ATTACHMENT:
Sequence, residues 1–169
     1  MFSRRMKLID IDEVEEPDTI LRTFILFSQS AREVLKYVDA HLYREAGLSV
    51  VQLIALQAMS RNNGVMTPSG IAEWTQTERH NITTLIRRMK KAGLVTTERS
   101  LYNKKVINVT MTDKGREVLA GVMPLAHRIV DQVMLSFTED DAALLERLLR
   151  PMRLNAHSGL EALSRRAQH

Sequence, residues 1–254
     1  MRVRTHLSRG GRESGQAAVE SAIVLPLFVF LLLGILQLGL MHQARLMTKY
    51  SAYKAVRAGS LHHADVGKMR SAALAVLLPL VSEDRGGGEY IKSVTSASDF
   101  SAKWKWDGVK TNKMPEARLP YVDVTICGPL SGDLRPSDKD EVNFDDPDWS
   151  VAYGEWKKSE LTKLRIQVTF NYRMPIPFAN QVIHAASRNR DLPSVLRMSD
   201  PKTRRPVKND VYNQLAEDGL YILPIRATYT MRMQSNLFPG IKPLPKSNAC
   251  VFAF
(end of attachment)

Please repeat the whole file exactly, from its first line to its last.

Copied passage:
Sequence, residues 1–169
     1  MFSRRMKLID IDEVEEPDTI LRTFILFSQS AREVLKYVDA HLYREAGLSV
    51  VQLIALQAMS RNNGVMTPSG IAEWTQTERH NITTLIRRMK KAGLVTTERS
   101  LYNKKVINVT MTDKGREVLA GVMPLAHRIV DQVMLSFTED DAALLERLLR
   151  PMRLNAHSGL EALSRRAQH

Sequence, residues 1–254
     1  MRVRTHLSRG GRESGQAAVE SAIVLPLFVF LLLGILQLGL MHQARLMTKY
    51  SAYKAVRAGS LHHADVGKMR SAALAVLLPL VSEDRGGGEY IKSVTSASDF
   101  SAKWKWDGVK TNKMPEARLP YVDVTICGPL SGDLRPSDKD EVNFDDPDWS
   151  VAYGEWKKSE LTKLRIQVTF NYRMPIPFAN QVIHAASRNR DLPSVLRMSD
   201  PKTRRPVKND VYNQLAEDGL YILPIRATYT MRMQSNLFPG IKPLPKSNAC
   251  VFAF